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Xander Schauffele nearly had Ryder spot revoked over contract dispute, dad says

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Team Europe lifts the trophy after dominating Ryder Cup win (2:16)

Team Europe celebrates the Ryder Cup title, and every member gets a turn to lift the trophy. (2:16)

Xander Schauffele, an automatic qualifier for the United States team at the 2023 Ryder Cup, could have been removed from the squad in a contract dispute, his father told The Times of London.

The golfer wanted to make three amendments to the player participation and benefit agreement but was threatened by the PGA of America to sign by the September deadline or be pulled from the team, Stefan Schauffele told the paper in a story published Monday.

"The PGA of America were not willing to even talk to us about [the three amendments]," Stefan Schauffele told The Times. "It was very late in the schedule right before the team came [to Rome] to practice because they had moved the deadline, and they said, 'If you don't sign it by then, you're off the team,' but they never gave us the contact information of their legal counsel.

"Saturday morning of Labor Day weekend, finally, the head of the PGA of America got wind of this, because it was not him that was blocking it, and put our lawyers in contact with the PGA of America's general counsel, and then it took a few hours to hash it out, and it was fine. Then I received a message that Xander was back on the team. That you can quote. That's the extent of this, and I think it's shameful."

Xander Schauffele and the Americans lost to Team Europe 16½-11½ on Sunday at Marco Simone Golf and Country Club outside Rome. Europe has claimed eight of the past 11 Ryder Cups, as the U.S. team failed to end a road drought that dates to 1993.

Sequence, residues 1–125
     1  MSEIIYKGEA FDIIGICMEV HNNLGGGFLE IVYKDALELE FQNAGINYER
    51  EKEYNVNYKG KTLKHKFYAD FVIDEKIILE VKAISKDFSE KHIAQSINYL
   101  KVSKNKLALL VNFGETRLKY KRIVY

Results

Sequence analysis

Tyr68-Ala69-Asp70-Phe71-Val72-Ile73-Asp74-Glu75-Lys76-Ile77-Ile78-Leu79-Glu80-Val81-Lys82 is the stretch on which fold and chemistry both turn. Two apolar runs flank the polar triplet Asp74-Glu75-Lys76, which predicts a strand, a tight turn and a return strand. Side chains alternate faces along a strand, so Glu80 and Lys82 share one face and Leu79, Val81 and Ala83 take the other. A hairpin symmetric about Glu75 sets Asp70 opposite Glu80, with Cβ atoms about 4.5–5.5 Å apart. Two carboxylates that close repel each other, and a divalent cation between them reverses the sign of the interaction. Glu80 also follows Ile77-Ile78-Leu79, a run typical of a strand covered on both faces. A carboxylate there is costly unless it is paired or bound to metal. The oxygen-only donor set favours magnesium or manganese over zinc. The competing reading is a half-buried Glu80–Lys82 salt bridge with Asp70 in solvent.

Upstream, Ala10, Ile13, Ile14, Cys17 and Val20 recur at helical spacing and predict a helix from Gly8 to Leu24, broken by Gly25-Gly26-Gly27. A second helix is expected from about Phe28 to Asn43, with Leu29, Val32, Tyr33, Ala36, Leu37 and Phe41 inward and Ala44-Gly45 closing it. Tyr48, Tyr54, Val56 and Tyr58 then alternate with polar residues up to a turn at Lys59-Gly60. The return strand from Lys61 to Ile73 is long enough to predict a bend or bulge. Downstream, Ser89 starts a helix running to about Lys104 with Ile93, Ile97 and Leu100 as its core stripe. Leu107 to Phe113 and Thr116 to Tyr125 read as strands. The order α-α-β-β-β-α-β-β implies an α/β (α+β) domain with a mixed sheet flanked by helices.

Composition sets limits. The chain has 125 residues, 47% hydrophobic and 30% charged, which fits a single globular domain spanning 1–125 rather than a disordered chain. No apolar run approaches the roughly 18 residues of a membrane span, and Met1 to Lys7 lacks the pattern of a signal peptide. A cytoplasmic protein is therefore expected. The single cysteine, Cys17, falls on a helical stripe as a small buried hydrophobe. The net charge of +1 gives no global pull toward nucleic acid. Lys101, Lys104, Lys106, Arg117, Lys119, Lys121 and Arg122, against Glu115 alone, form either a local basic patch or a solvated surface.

The PGA of America, which runs the Ryder Cup in conjunction with Ryder Cup Europe, declined to comment to The Times and had not immediately replied to other media outlets' inquiries.

The Americans had an awful start to the competition and could not recover -- the six automatic qualifiers combined to go 9-11-4 (Schauffele was 1-3-0) and the six captain's picks combined to go 4-12-4.

The emotionally charged event was heightened by a story in Sky Sports reporting a fracture on the U.S. team led by Patrick Cantlay, who allegedly thought players should be compensated to play in the Ryder Cup. They are paid $200,000 to go to the charity of their choosing.

Cantlay repeatedly denied the allegation, saying the story was false and that he wasn't wearing a team hat because it didn't fit, not out of protest. He said the Ryder Cup was about representing the country and not about getting paid for competing.

Still, he was taunted by spectators waving their hats toward him, and U.S. teammates showed a playful side by tipping their hats at him after a match victory.

Cantlay and Xander Schauffele apparently wanted the player agreement amended so that a Netflix documentary crew didn't have access to the team room while filming a second season of the "Full Swing" series, for which players are not compensated.

Later, U.S. captain Zach Johnson said the team voted unanimously to keep out cameras to preserve the "sanctity and sacredness of" the team room.

Stefan Schauffele said more discussions are needed between the U.S. players, the PGA of America and Team Europe about how the money from the Ryder Cup is distributed. Instead, the organization is being secretive and noncommunicative, he said.

"They are using players' intellectual properties to make money, and the American players don't get paid," Stefan Schauffele told The Times. "More importantly, this would become a nonissue if all proceeds, net proceeds, from the Ryder Cup were to be donated to common charitable causes. Right now, the American players are asked to donate their time pro bono in the name of patriotism so these organizations can benefit from the profits.

"The PGA [of America] uses this money, and the PGA Tour gets 20% that goes into the retirement of every member. The 12 players supposedly need to eat it, and their intellectual property gets abused for the benefit of 200 other people. That's not right."